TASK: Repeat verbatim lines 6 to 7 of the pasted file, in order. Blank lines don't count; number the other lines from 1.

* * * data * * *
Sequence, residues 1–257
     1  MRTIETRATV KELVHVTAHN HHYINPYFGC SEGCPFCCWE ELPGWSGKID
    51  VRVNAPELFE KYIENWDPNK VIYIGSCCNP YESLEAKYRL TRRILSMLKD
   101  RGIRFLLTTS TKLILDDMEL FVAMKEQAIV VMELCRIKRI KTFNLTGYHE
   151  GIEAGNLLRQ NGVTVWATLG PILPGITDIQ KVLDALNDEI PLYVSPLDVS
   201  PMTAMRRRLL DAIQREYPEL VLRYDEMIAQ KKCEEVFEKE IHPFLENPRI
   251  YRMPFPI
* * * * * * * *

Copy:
   201  PMTAMRRRLL DAIQREYPEL VLRYDEMIAQ KKCEEVFEKE IHPFLENPRI
   251  YRMPFPI